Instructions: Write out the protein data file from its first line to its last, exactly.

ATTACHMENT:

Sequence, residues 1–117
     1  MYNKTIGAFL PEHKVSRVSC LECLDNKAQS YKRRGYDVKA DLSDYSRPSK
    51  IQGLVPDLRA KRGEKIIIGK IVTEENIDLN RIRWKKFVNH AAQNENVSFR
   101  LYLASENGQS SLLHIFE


Sequence, residues 1–117
     1  MYNKTIGAFL PEHKVSRVSC LECLDNKAQS YKRRGYDVKA DLSDYSRPSK
    51  IQGLVPDLRA KRGEKIIIGK IVTEENIDLN RIRWKKFVNH AAQNENVSFR
   101  LYLASENGQS SLLHIFE